While the Statue of Liberty emerged from a desire to represent an alliance between America and France, its core meaning is a mutual desire for freedom — liberty for all people all over the world. It's no accident that the Statue of Liberty was placed to face southeast. From that vantage point, she makes a perfect welcoming symbol for visitors and immigrants from her home on Liberty Island.
The seven-pointed crown on her head symbolizes the seven continents and seven seas, and the broken shackles at her feet represent freedom from oppression. Lady Liberty possesses a few other symbols as well. She's holding a tablet in her left hand inscribed with the date July 4, 1776 (the date of American independence) written in Roman numerals (July IV MDCCLXXVI). And that giant torch in her right hand? It's meant to represent enlightenment — a fitting accessory for Liberty Enlightening the World.
As for the Lazarus poem, some history experts like Robert J. McNamara believe while Bartholdi had originally envisioned Lady Liberty as a symbol of America exuding its own freedom, "The New Colossus" represented America as a refuge for oppressed people seeking liberty.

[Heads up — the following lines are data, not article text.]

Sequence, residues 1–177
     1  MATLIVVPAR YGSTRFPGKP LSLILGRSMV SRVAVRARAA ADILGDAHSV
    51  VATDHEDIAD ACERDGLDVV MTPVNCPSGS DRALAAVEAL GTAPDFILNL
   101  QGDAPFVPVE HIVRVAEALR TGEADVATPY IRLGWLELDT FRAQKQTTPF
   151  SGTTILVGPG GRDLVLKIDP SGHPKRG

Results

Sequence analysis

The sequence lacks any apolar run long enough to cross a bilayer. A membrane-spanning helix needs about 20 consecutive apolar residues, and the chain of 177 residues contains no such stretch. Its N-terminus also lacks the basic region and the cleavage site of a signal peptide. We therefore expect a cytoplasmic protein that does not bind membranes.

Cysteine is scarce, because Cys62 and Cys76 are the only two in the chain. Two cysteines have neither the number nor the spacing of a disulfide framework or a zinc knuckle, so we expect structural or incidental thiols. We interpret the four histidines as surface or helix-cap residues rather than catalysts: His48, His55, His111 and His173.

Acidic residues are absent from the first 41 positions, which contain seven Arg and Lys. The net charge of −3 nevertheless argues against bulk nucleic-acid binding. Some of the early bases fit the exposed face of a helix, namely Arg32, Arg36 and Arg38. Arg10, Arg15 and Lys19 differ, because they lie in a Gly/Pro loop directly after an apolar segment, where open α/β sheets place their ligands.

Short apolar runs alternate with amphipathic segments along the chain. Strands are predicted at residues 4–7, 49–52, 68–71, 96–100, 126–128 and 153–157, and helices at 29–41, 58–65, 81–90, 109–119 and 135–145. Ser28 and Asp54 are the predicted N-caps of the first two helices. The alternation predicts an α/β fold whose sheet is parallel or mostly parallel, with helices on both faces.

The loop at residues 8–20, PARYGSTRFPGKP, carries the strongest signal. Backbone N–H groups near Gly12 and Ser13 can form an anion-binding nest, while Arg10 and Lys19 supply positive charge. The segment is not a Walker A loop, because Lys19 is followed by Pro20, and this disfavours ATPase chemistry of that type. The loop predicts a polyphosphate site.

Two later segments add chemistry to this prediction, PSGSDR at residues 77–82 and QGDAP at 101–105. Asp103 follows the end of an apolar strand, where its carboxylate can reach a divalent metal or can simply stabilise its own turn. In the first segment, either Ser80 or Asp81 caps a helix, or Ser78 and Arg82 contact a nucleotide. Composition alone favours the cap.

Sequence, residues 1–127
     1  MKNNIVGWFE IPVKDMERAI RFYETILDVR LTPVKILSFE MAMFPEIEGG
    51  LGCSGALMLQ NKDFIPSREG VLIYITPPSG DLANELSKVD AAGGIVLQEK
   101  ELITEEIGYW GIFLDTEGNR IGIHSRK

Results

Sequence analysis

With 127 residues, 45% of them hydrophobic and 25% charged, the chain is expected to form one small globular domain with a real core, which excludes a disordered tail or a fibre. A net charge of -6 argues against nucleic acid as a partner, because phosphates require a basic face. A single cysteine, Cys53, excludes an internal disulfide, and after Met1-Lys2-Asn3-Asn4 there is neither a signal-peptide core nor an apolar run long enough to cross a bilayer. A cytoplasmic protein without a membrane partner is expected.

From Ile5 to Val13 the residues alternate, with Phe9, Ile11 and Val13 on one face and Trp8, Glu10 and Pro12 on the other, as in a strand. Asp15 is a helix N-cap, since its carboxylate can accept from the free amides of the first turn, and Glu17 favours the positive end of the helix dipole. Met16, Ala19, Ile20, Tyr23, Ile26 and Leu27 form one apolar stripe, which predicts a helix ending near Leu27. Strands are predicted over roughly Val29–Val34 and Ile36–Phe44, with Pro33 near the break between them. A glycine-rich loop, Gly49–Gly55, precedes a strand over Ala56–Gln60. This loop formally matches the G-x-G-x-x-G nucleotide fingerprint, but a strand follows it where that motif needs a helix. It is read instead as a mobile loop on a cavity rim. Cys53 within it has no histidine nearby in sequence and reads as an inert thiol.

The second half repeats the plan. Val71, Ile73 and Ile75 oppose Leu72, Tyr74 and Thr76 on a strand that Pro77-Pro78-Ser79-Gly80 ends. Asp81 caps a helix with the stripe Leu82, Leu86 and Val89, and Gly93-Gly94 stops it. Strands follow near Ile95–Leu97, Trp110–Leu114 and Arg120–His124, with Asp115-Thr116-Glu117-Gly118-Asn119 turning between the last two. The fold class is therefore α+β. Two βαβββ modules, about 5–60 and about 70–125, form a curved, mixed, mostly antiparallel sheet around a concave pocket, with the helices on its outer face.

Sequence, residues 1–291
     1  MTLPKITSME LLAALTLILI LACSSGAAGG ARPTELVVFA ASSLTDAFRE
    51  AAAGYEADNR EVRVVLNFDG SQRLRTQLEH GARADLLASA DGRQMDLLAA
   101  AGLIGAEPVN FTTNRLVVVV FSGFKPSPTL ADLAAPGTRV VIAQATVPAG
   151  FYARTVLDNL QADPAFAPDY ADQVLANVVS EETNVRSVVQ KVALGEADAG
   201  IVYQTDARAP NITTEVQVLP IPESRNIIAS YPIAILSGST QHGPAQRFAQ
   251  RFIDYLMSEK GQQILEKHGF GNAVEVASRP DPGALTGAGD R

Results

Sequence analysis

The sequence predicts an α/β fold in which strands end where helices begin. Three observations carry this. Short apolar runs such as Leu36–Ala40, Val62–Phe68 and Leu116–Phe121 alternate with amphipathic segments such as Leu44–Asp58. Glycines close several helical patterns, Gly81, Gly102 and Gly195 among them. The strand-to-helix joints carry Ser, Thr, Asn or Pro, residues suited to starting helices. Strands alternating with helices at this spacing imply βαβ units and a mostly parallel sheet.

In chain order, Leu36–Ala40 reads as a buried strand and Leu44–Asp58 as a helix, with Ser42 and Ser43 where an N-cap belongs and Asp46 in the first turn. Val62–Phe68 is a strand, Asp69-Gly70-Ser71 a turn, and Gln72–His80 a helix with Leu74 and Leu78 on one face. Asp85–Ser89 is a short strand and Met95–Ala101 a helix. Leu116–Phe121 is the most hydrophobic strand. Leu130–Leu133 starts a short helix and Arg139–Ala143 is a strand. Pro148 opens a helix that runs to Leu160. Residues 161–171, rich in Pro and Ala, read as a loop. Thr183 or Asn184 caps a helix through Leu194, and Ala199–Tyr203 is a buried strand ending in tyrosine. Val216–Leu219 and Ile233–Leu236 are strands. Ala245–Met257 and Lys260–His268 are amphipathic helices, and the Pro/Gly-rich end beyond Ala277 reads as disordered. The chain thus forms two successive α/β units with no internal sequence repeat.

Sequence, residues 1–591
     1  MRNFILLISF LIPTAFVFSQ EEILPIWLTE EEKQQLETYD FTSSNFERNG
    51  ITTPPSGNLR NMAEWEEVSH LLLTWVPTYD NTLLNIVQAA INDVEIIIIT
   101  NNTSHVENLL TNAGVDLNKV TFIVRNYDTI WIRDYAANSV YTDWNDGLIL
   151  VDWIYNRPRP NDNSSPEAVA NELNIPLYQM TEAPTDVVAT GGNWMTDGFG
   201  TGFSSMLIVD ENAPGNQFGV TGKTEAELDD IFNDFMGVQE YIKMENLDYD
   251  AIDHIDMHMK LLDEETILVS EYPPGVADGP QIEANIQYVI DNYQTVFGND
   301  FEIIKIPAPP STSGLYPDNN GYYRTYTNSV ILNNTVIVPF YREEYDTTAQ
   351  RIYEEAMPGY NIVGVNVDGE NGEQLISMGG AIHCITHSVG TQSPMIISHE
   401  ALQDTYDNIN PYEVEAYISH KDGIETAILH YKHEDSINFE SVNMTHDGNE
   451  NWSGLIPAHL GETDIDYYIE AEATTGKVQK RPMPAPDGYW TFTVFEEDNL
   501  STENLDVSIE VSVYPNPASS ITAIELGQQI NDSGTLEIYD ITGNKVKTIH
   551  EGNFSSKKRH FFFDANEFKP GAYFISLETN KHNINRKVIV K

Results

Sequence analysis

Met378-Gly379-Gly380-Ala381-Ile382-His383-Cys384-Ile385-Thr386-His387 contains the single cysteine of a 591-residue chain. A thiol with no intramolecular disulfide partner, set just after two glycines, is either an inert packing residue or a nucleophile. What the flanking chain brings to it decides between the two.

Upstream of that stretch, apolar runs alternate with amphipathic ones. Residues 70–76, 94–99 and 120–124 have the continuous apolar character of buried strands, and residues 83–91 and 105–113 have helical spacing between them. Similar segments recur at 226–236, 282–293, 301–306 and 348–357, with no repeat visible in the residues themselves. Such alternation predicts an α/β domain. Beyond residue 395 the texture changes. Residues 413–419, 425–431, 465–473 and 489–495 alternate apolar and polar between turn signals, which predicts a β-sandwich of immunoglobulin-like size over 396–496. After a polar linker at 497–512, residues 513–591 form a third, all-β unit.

"Lazarus was no doubt thinking of the Jewish refugees from Russia she had been volunteering to assist at Ward's Island," McNamara wrote in ThoughtCo. regarding the poet's volunteer work to help new arrivals. "And she surely understood that had she been born somewhere else, she may have faced oppression and suffering herself."
While there may be countless interpretations, dissections and misreadings of Lady Liberty's many meanings, one thing's for sure: She has indeed served as America's one-woman welcome committee for well over a century. When the U.S. government opened a federal immigration station on Ellis Island in 1892, about 12 million immigrants were eventually processed there before receiving permission to enter the country — all of whom were greeted by the sight of the Statue of Liberty nearby.
Today, the Statue of Liberty remains a major attraction for citizens and visitors from all over the world — approximately 4.5 million people make the pilgrimage to see her each year. One of the most popular attractions is climbing up to her crown, which has 25 windows overlooking New York City and the harbor. It's a strenuous climb up a tight spiral staircase, but visitors are rewarded with panoramic views of Brooklyn, as well as Gustave's original supporting iron-and-steel framework.